Many of us often make presentations to educate or persuade others. Too often the idea or ideas we are trying to communicate are overshadowed by our incorrect use of the presentation software. When the software takes center stage instead of you or your idea, you have failed at your objective.
Presentation software can be a wonderful tool if used correctly. It can also be a dangerous distraction that interferes with communication rather than facilitating it. The line between the two is thin. . .. Here are my five rules for making more effective presentations.
Good Monday morning to you! Our family has been down South for a wedding and to visit family which is one reason for no posts over this last week. It was a great time and a good deal warmer than up here in the Midwest!!
Communication is tricky and difficult at best. I know you are well aware of how difficult it is to truly communicate with others. The more I think about the issue, the more amazed I am that we succeed at all!
There is one aspect of communication that we often don’t think about and that is in seeking agreement vs. disagreement. So often as we discuss issues, especially complex ones, we begin with how we disagree with the one to whom we are speaking. Try something different the next time you are in one of these conversations – try to find the places where you agree and use those points of agreement as a platform for better understanding of one another. As someone has said – “seek to understand before seeking to be understood”. (Covey I think)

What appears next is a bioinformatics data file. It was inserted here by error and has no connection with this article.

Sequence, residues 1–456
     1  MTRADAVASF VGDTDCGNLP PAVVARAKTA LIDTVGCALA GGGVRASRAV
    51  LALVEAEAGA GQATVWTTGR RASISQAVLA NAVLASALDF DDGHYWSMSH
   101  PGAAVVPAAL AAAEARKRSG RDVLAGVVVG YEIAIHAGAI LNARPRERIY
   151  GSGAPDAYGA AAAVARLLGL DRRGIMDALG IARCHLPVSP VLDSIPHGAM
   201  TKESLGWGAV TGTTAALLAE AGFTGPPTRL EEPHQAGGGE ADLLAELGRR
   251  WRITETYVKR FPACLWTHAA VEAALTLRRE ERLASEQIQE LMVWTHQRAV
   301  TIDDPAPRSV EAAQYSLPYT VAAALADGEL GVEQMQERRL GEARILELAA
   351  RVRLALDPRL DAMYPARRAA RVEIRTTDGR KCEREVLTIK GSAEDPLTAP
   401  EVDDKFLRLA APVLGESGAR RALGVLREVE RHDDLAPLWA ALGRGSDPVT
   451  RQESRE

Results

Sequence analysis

Today, seek to find agreement vs. disagreement and see how it changes the tenor of a difficult discussion.
1. One Big Idea, “If you had to say there was one magical element to the best TED talks, it’s that those speakers picked one really, really big idea . . .”
2. It’s Not About You, “The biggest thing that people have to unlearn, Donovan says, is the notion that speaking is about your performance. It’s not. It’s about the audience.”
3. Nail Your Opener, “. . . jump straight into a story.”
4.The Catchphrase Is King, “The best talks have a repeated catchphrase . . .”
5. Channel Your Inner Screenwriter,“We’re hardwired from our earliest childhood on how to tell stories,” says Donovan, who insists that we’re all natural storytellers. Still, you can buff up your inherent storytelling skills by keeping classical, three-act story structure in mind.
It’s a good article and well worth reading in its entirety (click here) if you do presentations and want to become better.
Good afternoon – have you ever made one of those silly and simple mistakes that leave you feeling a bit dumb?
I did today. I have a Facebook page for my coaching and consulting practice. So, I decided to invite a number of people to “like” the page. There was one problem however, I have two company pages out there – one that is active and one that I don’t use.
Of course, the one I invited people to like is the old one and not the correct page. So, if I sent you a request I do apologize.